• Moral Rights

    1) An author’s moral rights are personal rights to protect the author's honor and non-economic interests. An author’s works often means more than the economic value they obtain from their exploitation of the works, and the works are closely related to the individual author who creates them, as the author is emotionally and intellectually devoted to producing the work.
    Moral rights can be exercised only by the author, and cannot be sold or otherwise transferred, unlike economic rights.

    2) The specific types of moral rights recognized by the Copyright Act are as follows.

    (i) Right of making public

    An author has the right to decide whether or not to make his/her work public. If the author has transferred his/her economic right of a work which is not yet made public, authorized use of the work, or established the exclusive publication rights or print-publication rights, the author shall be presumed to have given the other party his/her consent to make it public. If the author transferred ownership of an original of the work of art, architectural work, or photographic work not yet made public, the author shall be presumed to have given the other party his/her consent to make the original public in the manner of exhibition. If a derivative work or compilation work, made with the consent of the author, has been made public, its original shall be also considered to have been made public. When the author donates his/her pieces of unpublished work, etc. to libraries, etc., it shall be presumed that the author consents to making them public at the time of his/her donation unless otherwise expressly stated.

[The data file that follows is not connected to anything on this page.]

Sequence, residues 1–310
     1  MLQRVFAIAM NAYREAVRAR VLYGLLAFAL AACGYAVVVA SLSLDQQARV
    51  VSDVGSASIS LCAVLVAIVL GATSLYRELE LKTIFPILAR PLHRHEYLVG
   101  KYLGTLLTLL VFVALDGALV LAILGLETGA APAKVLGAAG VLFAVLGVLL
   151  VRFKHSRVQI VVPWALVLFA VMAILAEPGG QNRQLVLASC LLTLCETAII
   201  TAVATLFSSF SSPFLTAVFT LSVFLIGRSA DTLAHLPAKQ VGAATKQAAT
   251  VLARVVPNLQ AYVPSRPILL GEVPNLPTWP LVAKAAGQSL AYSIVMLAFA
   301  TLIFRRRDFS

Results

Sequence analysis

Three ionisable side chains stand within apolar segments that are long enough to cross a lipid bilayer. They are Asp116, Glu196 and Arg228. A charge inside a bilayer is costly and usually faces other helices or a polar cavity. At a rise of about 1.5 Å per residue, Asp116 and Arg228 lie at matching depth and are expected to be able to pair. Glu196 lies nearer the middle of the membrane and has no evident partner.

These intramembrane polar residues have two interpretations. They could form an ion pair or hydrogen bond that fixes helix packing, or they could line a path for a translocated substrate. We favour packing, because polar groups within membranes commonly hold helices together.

(ii) Right of Attribution

    An author has the right to indicate his/her real name or pseudonym on an original work or its copy, or on a medium by which his/her work is made public. Unless any specific intention of the author is expressed, a person using the author’s work shall indicate his/her real name or pseudonym in the same manner as the author has indicated it. However, this right cannot be applied in some unavoidable cases in light of the nature of a work, the purpose and manner of its use, etc.

    (iii) Right of Integrity

    An author shall have the right to maintain the integrity of the content, form, and title of his/her work. However, an author shall not raise an objection to any of the following circumstances: (a) a modification of expression within the limits as deemed unavoidable for the purpose of school education; (b) extension, rebuilding, or other alteration of architectural structure; (c) modification within the limits as deemed necessary to enable programs that can be used only on specific computers to be used on other computers; (d) modification within the limits as deemed necessary to use programs more effectively on specific computers; and (e) other modifications within the limits as deemed unavoidable in light of the nature of a work, the purpose and manner of its use, etc., provided that the modification does not amount to the modification of substantial contents.

    3) When there is intentional or unintentional infringement of a personal copyright, an author is entitled to claim for damages. An author or performer also may claim for restoring his or her own honor and dignity, in lieu of or together with the damage claim. In the event of the author's death, when there is infringement on the author’s moral rights, the author’s bereaved family (the surviving spouse, children, parents, grand children, grandparents, or brothers and sisters) or the legal executor can demand to cease and desist the infringement and to take preventive measures or to provide security for compensation for possible damages against an infringing person, and also can demand restoration of the author’s honor or reputation.